Learning Through History....this is a magazine that again my oldest has fallen in love with. Thank goodness...when I first got it he wasn't interested, so I just read it myself and waited for him to come around...he did. It doesn't have any color pictures, but it is fabulous. Each issue centers on a certain time period, and it has great articles, often recipes from the time period and web links. My son loves the web stuff. One time he found one where you "make a mummy" (it was from a museum somewhere) that we all enjoyed and laughed over. You can find out more about it at

Personally my favorite way to learn history is through Historical Fiction. My oldest son is not interested in this genre yet. I guess it just goes to show that sometimes different styles of writing can engage different people. So for those, like me, who like Historical Fiction, here is my personal list of classics sorted by themes. Some of them I have not read yet, but put on my list to get to eventually, though I realize my reading list is longer than my potential lifetime! In case you are interested the ones with an * are the ones I have read and recommend.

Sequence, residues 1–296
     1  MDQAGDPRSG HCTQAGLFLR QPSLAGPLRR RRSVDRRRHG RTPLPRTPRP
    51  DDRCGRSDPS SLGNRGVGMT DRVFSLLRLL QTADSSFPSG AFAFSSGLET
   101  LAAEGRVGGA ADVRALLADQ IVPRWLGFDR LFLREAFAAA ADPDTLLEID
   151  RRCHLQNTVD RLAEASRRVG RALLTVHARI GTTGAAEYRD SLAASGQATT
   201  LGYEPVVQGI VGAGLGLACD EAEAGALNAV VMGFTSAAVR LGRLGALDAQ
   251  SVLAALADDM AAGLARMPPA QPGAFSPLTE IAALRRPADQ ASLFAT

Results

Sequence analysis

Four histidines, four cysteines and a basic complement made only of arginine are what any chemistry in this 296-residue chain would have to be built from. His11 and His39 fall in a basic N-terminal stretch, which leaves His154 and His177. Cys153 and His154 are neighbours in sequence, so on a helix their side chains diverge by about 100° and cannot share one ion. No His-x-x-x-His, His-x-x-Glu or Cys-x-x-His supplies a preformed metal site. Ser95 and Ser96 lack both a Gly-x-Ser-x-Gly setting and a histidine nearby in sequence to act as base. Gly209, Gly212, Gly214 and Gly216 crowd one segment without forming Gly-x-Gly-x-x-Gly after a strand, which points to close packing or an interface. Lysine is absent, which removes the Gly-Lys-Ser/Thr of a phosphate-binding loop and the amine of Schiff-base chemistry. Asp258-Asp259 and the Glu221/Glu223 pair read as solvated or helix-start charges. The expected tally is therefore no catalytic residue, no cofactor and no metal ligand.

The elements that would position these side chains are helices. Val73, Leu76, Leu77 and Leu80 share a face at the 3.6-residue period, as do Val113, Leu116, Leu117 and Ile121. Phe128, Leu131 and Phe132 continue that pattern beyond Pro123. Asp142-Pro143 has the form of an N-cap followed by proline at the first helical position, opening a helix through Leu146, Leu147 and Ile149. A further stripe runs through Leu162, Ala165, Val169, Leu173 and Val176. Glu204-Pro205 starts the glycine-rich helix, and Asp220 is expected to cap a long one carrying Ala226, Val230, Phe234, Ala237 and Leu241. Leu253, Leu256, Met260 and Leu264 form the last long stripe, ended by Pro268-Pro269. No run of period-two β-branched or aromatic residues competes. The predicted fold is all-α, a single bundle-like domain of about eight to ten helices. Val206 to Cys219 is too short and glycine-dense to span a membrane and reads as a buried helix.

Early American History and Revolutionary War
Johnny Tremain, Ester Forbes*
Witch of Blackbird Pond, Elizabeth George Spear*
Fever 1793, Laurie Halse Anderson*
A Peculiar Service, Corey Ford
The Story of Liberty, Charles Coffin
Sweet Land of Liberty, Francis S. Fox
The Boys of '76, Charles Coffin
My Brother Sam is Dead
April Morning

Ships - Voyages - Survival
A Long Vacation, Jules Verne
Robinson Crusoe
Treasure Island*
Call It Courage, Armstrong Sperry*
Island of the Blue Dolphins, Scott O'Dell*
Julie of the Wolves, Jean Craighead George*
Naya Nuki

Native Americans
Sign of the Beaver, Elizabeth George Speare*
Last of the Mohicans*
Naya Nuki

Little House on the Prairie*
Little Britches*
Summer of the Monkeys*
Old Yeller*
Where the Red Fern Grows*

World War II
The Hiding Place, Corrie ten Boom*
The Watchmakers Daughter, Corrie ten Boom